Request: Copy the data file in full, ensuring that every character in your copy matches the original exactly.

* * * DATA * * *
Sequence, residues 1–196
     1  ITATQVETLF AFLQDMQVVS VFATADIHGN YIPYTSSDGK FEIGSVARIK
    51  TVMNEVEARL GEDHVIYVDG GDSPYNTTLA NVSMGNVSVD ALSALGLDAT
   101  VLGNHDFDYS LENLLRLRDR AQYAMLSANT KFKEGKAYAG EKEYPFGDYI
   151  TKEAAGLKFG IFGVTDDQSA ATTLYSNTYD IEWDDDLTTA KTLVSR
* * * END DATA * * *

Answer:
Sequence, residues 1–196
     1  ITATQVETLF AFLQDMQVVS VFATADIHGN YIPYTSSDGK FEIGSVARIK
    51  TVMNEVEARL GEDHVIYVDG GDSPYNTTLA NVSMGNVSVD ALSALGLDAT
   101  VLGNHDFDYS LENLLRLRDR AQYAMLSANT KFKEGKAYAG EKEYPFGDYI
   151  TKEAAGLKFG IFGVTDDQSA ATTLYSNTYD IEWDDDLTTA KTLVSR